Westbury White Horse circular walk, map and apps
The ‘perfect’ white horse, on a steep west-facing escarpment overlooking Westbury. The current horse, cut over an older one is now concreted over and white washed. It sits below the ancient Bratton hill fort, one of a series of earthworks along the chalk downs.
Saxon armies may have once gathered here, the modern military is still much in evidence.
The horse was excavated and entirely concreted in 1957, having had its tail experimentally replaced following Queen Elizabeth II’s accession.
The concrete horse was repainted for the Queen’s Diamond Jubilee visit in 2012, this horse and its earliest known chalk predecessors perhaps recalled rare royal visits. A large Hanoverian White Horse was fashioned here in 1778 from a smaller ‘modern’ chalk horse first reported in 1742.
Find out more about this white horse and others on the North Wessex Downs on the Wiltshire White Horses website.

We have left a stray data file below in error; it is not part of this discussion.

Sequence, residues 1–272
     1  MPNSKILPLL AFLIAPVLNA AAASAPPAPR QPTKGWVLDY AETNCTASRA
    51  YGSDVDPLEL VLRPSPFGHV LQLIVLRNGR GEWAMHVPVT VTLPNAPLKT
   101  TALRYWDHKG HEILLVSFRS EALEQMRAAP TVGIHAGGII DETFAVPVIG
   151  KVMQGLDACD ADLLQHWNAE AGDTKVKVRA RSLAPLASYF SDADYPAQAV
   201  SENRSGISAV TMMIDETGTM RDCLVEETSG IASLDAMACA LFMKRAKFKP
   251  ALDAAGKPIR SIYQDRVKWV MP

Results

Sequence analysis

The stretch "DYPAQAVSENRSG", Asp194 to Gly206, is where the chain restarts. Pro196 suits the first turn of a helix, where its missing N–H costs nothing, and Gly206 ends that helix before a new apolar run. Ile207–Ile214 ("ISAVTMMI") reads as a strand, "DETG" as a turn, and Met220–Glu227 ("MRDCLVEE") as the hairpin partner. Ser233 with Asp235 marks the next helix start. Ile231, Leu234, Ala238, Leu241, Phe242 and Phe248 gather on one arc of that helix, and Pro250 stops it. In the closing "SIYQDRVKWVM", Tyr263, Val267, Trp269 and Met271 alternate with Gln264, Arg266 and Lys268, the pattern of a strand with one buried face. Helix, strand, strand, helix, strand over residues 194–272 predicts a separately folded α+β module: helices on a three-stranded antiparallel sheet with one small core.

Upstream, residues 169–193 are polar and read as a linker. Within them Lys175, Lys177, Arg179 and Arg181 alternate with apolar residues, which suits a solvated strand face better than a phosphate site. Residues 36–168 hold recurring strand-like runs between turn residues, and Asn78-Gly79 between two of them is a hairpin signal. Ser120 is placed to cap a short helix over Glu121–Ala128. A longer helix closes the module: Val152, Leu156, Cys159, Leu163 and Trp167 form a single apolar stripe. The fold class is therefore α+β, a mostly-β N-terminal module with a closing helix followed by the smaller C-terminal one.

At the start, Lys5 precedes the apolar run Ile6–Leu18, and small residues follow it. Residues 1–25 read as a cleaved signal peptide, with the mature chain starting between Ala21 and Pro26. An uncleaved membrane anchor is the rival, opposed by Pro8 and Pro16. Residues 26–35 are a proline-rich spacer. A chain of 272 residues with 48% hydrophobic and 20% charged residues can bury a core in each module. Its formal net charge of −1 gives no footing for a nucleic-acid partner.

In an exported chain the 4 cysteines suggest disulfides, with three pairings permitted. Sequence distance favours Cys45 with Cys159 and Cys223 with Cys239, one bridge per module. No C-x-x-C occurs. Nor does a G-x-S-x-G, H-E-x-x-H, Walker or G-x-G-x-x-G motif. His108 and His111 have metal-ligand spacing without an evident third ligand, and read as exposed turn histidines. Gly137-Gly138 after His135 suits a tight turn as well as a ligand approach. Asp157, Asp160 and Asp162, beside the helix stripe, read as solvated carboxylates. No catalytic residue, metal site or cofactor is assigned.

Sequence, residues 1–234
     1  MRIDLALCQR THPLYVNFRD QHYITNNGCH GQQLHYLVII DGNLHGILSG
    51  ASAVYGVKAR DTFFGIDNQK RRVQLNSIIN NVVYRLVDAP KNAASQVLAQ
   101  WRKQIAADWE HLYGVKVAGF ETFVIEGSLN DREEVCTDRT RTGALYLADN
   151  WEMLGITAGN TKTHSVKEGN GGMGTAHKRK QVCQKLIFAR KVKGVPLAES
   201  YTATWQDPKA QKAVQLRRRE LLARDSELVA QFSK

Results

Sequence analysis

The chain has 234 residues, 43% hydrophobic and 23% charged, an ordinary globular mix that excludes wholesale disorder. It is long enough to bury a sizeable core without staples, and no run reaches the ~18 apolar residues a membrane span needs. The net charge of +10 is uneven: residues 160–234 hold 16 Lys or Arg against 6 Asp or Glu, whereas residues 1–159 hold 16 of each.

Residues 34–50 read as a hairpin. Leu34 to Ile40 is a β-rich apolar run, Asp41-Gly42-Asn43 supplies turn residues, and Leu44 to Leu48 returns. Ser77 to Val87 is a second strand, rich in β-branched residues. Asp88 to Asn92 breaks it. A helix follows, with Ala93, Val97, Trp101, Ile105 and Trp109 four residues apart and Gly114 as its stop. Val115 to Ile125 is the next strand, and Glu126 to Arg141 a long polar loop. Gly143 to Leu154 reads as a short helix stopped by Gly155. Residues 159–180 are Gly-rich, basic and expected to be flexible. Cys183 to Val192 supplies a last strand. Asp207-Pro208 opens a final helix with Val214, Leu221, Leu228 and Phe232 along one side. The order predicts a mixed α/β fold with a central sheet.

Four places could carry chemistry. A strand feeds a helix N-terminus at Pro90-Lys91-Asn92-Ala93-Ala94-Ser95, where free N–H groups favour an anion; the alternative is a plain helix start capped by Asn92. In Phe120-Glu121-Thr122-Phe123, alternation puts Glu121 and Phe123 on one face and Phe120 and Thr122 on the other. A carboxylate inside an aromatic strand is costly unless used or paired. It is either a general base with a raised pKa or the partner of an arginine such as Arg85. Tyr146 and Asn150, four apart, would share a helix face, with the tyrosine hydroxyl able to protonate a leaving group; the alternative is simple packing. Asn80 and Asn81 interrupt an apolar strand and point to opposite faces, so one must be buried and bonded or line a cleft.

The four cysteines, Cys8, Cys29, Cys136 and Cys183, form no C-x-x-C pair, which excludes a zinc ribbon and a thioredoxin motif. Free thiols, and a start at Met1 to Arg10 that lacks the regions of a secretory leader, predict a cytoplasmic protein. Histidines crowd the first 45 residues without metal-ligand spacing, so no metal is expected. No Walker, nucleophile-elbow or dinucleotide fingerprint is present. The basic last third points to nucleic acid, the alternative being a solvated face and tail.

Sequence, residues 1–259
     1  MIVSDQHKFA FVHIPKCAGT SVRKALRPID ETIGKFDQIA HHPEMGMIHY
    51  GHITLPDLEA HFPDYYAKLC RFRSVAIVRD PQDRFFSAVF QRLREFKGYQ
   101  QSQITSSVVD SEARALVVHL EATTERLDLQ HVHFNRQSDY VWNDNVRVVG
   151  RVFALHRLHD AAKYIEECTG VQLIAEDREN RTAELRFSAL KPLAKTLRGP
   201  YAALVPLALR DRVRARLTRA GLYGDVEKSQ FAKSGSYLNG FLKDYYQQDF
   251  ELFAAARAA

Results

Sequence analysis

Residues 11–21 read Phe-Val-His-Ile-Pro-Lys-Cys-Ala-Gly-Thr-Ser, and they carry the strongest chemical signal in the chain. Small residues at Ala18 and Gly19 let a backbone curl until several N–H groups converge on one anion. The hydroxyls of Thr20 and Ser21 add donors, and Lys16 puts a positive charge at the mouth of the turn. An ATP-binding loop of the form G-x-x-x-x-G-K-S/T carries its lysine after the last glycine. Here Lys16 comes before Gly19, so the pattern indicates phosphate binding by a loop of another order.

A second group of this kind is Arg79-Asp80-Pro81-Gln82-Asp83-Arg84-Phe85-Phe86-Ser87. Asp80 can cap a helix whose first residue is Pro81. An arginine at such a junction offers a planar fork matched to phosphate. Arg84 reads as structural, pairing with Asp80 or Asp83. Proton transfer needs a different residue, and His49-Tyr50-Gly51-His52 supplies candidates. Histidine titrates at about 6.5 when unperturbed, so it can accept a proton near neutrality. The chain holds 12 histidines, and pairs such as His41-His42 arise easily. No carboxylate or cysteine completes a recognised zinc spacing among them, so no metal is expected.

View Westbury Loop in a larger map
Our 8 mile circuit begins and ends at the carpark beside the Westbury White Horse and the earthworks of Bratton Camp. The sound park is located in the area bounded by the top of the escarpment and the furthest banks of Bratton Camp. The walk begins on tracks and level ground along the Imber range fences, passing the top of the road down into the 'ghost village' of Imber. Just before Christmas 1943 the village was cleared by the military, the promised return was never fulfilled.
Arriving above Eddington to dramatic views and old tracks down, the route follows one such track to the road near Bratton. A short walk along the road takes you to the old parish church nestling peacefully in the woods, a gentle climb up the edge of a magnificent chalk bowl will bring you back to the Westbury White Horse.
A detailed OS mapped downloadable Viewranger map is available here: Westbury White Horse loop
Download the app and listen to the soundscape as you visit Westbury White Horse.